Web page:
CGE calls for President Ramaphosa to take concrete action in fighting GBV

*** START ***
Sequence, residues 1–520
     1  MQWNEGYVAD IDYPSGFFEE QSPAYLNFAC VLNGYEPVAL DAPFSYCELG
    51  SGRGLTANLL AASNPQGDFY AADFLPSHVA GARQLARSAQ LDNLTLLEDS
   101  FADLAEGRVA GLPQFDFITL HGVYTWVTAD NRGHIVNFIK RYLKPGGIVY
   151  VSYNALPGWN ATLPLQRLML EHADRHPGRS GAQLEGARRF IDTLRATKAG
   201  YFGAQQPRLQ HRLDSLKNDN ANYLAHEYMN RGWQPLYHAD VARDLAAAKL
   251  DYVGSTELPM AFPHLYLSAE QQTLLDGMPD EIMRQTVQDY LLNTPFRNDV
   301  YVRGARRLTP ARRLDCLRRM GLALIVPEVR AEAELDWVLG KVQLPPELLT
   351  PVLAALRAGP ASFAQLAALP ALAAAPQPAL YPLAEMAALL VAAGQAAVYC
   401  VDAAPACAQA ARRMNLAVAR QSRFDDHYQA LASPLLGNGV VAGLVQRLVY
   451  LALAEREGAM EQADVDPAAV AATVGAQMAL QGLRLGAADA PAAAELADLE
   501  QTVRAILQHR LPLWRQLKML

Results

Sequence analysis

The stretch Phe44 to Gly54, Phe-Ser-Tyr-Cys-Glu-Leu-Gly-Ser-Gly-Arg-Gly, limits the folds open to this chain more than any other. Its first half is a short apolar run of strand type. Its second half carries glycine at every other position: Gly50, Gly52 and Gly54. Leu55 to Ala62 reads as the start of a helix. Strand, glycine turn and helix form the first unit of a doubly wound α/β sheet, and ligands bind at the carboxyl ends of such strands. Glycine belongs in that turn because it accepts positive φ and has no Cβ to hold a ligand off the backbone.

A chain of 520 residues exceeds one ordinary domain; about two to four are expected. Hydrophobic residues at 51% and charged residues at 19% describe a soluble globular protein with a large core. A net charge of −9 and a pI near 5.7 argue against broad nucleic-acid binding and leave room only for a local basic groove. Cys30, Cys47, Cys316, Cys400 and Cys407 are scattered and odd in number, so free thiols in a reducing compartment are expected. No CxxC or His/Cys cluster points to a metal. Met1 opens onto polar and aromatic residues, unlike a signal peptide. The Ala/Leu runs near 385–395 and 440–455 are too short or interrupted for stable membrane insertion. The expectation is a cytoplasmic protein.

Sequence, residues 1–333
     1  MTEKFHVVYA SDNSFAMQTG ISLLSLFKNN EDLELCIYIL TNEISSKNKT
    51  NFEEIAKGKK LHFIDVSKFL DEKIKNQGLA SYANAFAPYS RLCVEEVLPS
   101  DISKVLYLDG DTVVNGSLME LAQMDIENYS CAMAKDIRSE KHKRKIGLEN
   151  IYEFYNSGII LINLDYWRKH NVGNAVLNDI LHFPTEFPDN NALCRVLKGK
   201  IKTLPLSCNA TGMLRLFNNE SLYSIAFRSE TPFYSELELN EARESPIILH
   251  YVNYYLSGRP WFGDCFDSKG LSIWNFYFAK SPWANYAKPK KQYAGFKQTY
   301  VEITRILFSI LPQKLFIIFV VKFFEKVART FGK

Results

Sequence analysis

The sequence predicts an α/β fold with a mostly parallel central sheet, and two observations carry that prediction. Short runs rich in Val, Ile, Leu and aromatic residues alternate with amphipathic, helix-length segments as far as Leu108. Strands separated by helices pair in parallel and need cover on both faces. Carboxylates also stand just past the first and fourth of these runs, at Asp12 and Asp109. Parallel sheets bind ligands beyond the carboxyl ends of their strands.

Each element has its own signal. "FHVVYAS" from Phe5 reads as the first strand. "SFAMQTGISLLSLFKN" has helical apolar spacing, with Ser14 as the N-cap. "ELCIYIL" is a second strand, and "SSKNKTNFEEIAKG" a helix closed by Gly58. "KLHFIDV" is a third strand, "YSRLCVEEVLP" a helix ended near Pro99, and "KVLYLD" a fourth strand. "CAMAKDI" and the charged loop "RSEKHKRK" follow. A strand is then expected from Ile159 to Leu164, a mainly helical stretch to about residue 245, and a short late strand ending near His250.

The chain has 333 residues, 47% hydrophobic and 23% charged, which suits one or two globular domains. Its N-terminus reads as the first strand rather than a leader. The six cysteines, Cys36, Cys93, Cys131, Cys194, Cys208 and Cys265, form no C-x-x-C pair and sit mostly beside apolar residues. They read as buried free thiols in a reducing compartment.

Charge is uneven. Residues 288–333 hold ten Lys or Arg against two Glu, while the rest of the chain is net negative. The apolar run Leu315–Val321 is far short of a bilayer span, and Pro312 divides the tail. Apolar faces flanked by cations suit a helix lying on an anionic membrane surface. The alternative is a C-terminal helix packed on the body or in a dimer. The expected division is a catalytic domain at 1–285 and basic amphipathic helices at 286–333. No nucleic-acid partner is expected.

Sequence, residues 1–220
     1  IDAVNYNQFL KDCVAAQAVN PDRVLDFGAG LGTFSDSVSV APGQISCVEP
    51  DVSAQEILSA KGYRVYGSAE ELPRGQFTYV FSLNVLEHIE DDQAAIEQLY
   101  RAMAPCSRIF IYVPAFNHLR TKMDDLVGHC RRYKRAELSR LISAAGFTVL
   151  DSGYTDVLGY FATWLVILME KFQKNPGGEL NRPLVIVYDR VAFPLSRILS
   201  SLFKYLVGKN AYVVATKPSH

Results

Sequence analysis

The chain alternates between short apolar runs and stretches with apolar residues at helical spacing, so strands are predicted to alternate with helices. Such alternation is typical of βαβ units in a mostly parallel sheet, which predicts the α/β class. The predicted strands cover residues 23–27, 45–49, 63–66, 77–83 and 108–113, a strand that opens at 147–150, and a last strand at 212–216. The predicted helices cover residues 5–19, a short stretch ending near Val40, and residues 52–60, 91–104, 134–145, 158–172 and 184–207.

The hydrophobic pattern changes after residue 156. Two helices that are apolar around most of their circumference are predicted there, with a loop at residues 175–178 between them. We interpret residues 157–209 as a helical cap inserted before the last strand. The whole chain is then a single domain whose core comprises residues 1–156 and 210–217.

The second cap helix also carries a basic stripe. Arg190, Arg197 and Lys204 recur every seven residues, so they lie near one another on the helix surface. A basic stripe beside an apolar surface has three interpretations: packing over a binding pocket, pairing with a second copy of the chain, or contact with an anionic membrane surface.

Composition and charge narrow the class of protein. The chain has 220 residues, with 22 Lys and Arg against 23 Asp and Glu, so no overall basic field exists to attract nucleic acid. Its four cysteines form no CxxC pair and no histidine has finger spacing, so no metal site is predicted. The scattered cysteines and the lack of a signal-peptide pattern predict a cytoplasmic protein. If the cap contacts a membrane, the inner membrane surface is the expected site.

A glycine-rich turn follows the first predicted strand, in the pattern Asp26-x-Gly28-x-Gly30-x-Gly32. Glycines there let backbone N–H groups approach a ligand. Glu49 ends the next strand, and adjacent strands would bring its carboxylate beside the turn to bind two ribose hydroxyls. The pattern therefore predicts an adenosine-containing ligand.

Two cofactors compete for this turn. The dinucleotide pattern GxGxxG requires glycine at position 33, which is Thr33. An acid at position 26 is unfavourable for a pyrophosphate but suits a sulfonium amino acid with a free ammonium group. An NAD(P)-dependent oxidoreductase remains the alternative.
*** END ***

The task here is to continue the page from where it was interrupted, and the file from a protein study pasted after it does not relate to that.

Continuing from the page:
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Media Release For immediate Release: 05 September 2019 To: Editors, Producers and Reporters CGE calls for President Ramaphosa to take concrete action in fighting GBV The Commission for Gender Equality (CGE) has serious concern around the state of the violence against women and vulnerable groups, and general lack of decisive action by the state on matters pertaining to Gender Based Violence (GBV). Given the current state of affairs, and the long history of GBV in South Africa, the CGE within its legislative mandate expects the government under the leadership of His Excellency, Mr. Cyril Ramaphosa to a make decisive call for action in light of the perpetual crisis of GBV in South Africa. The Commission calls on government to take decisive action in addressing the structural and systemic failures of the criminal justice system, particularly policing and prevention. Beyond statements, press releases and condemnation we need the following solid commitments from the President if he is serious about tackling the crisis, we have around GBV: The CGE calls a swift conclusion of unresolved cases of GBV in various courts, especially those that have been in the system for more than 12 months with no end. Based on our court monitoring processes we have observed the long delays of GBV cases. We expect to hear the President commit to opening courts on a 24-hour basis in order to provide speedier redress due to the urgency and pain of cases that are not finalized. The CGE is calling for the rollout of specialized courts that deal specifically with matters relating to GBV. It has been said that there are almost 100 specialised sexual offences courts, this should be increased in light of the current crisis. It is urgent that the Office of the Chief Justice must sign the regulations in relation to these courts, as the delay is preventing existing courts from functioning at all. The CGE is calling for the President to capacitate, resource and enable the National Prosecution Authority to optimize its response to GBV related cases. In several provinces, senior public prosecutors are ill equipped and inadequately supported to deal with the heavy load of cases before them. The CGE believes that government alone cannot quell the scourge of GBV as it requires partnerships with civil society, faith based organisations and community groups that seek to change mindsets on a short- and long-term basis. It is concerning that the Ministry of Women, Youth, and People Living with Disabilities (DWYPD) has yet to finalize the National Strategic Plan (NSP) on GBV. Despite the urgency of the GBV Summit Resolutions, this shows that the state is not serious about curbing these phenomena. We urgently need the President to hold the DWYPD to task and finalize the NSP by the end of this month with a costed budget. The necessary fiscal allocation required the CGE calls on the president to make a firm commitment in the MTBSP statement. The CGE has noted that in both the SONA and the Inauguration the President of South Africa, His Excellency, Mr Cyril Ramaphosa made statements relaying the importance of solving the GBV crisis. However, both occurrences are without budget allocations, by implication, showing the lack of prioritization. In addition, CGE expects that government should initiate a monitoring framework to measure the effectiveness of curbing GBV by the state in order to measure that impact. We expect the President to support shelters that are temporary havens for those affected by GBV. Our recent Shelters report finds that they are inadequately resourced, with very poor infrastructure, and places where secondary victimisation often occurs due to government failure to monitor the conditions in their facilities. CGE calls on the President and the Ministry of Social development to audit the shelter facilities and cost the resource requirements, and within the Medium-Term Budget Policy Statement to make firm commitments on their rehabilitation and resourcing. The CGE is also calling for the better funding of Thuthuzela Care Centres which play a vital role in the providing a one-stop service for survivors that reduces the secondary trauma experienced by survivors. The CGE will look into the statement made by the President with keen interest in order to ensure that other means of addressing of GBV are taken into account. The CGE reminds the populace that South Africa is a country that hinges on principles of human rights as well as the rule of law. We urge communities who wish to advance their rights of protesting to adhere to the rule of law in the process of seeking justice. South Africa needs a healing campaign that will focus on the victims who need support and counselling. ENDS, Issued by: Commission for Gender Equality (CGE) Date: 05 September 2019 Contact Person: Javu Baloyi Tel: 083 579 3306 The Commission for Gender Equality is established in terms of Section 181 of the Constitution of the Republic of South Africa in order to promote respect for gender equality and the protection, development and attainment of gender equality. Twitter Handle: @CGE_ZA. Facebook Page: Gender Commission of South Africa. Toll Free Number: 0800 007 709. GBV Toll Free Number: 0800 428 428, Stop Gender Violence: 0800 150 150 Witness, Survivors and victims of GBV can send Please Call Me at *120*7867#